Delicious ways to enjoy the versatile fermented dish – idli
Pay tribute to the soft and fluffy South Indian rice cakes on World Idli Day
Known to be rich in vitamins and for aiding the gut flora, idli is one of the most well-known and versatile fermented foods. The fermentation process breaks down components and increases the bioavailability of minerals, thus helping the body to assimilate more nutrition and digest the idli easily.
The journey of rice and lentils to batter is a long and laborious one, but as fans would point out, completely worth it. Whether paired with chutneys and vegetable-laden sambar, coated in milagai podi or even topped with ghee and sugar, the idli’s mild flavour makes it extremely versatile.
On World Idli Day, here are some delicious ways in which you can enjoy these steamed treats other than dunking them in sambar and chutney.
This delicious dish can be enjoyed as a snack and prepared with fresh as well as leftover idlis. To prepare this Indo Chinese – South Indian fusion dish, cut the idlis into bite-sized pieces and coat them in a batter of corn starch, all-purpose flour, water, salt, and chilli powder. Shallow fry the pieces until they turn golden brown. Sauté finely chopped onions, capsicum, minced ginger-garlic, and thin slices of green chillis in gingelly oil for a few minutes. Add a mixture of corn starch and water, soy sauce, vinegar, chilli sauce and some tomato ketchup and stir for two minutes on medium-high flame. Add the fried idli and mix well until all the pieces are evenly coated. Serve the Manchurian idli warm, with a garnish of spring onions.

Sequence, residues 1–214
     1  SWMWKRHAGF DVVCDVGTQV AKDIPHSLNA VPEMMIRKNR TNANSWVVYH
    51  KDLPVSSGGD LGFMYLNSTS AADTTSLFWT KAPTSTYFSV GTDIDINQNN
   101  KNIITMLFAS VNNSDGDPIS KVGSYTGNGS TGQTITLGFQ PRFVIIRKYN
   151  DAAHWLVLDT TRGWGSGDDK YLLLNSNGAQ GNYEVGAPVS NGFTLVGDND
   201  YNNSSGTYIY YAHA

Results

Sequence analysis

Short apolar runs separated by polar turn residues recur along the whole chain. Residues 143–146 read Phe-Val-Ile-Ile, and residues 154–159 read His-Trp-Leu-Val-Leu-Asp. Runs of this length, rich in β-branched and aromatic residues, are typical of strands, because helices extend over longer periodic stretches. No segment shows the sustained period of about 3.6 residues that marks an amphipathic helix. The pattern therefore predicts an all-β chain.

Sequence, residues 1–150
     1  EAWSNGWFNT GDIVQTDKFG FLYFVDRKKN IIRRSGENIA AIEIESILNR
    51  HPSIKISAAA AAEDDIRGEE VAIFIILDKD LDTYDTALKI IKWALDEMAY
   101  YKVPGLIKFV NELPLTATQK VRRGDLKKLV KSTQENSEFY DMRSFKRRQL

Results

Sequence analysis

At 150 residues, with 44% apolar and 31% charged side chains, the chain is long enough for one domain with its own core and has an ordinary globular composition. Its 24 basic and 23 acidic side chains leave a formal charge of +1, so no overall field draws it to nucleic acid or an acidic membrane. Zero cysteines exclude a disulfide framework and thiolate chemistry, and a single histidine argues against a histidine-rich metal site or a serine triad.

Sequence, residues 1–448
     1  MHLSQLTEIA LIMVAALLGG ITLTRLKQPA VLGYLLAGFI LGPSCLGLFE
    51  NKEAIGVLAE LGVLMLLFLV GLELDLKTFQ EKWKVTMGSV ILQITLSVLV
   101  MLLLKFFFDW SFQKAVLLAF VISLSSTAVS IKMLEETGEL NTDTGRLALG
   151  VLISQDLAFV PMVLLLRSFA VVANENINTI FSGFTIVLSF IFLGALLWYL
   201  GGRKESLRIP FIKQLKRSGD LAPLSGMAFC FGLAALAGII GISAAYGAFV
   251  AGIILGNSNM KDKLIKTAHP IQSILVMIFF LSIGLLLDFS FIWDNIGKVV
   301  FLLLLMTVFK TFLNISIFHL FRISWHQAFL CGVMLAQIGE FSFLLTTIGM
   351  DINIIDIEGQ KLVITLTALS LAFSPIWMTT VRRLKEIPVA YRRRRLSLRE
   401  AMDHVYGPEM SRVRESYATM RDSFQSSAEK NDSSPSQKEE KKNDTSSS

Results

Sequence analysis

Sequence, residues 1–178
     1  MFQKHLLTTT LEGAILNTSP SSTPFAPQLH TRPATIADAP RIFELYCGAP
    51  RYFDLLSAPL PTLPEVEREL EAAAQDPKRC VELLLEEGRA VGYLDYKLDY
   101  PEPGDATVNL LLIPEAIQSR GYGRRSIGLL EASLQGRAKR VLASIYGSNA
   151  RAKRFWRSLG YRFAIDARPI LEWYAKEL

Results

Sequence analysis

This is a great alternative to enjoy chaat if you’re trying to avoid fried foods since steamed idli replaces the puri and samosas in this recipe. Cut the idli into bite-sized pieces in a bowl and add some thick curd, finely chopped onions, rock salt, tamarind chutney, mint chutney, and red chilli chutney. Mix it thoroughly. Sprinkle some chilli powder and finely chopped coriander before serving. Bonus tip: You can fry the idli if you insist on adding some crunch to your idli chaat.
This recipe calls for gunpowder (locally known as milagai podi), a condiment made from roasted and powdered sesame seeds, dried red chillies, and lentils. To prepare masala idli, heat sesame oil in a pan and temper mustard seeds, curry leaves, and urad dal. Fry them till the lentils turn golden and then add the gunpowder to it. Fry the mixture for another minute and then add the idli and salt. Toss them all together and ensure that the idlis are evenly coated with the mixture. Serve warm with a sprinkling of freshly chopped coriander.
Crispy idli fry
This recipe is perfect to finish off those leftovers because it requires idlis that are cooked and refrigerated at least a few hours. All you need to do is to cut up the idli into fingers and fry them oil till they turn golden brown. The crispy idli fry is crunchy on the outside and soft on the inside. Sprinkle the pieces with a little salt and chilli powder and enjoy them with your favourite chutney.
What are your favourite idli preparations? Tell us in the comments.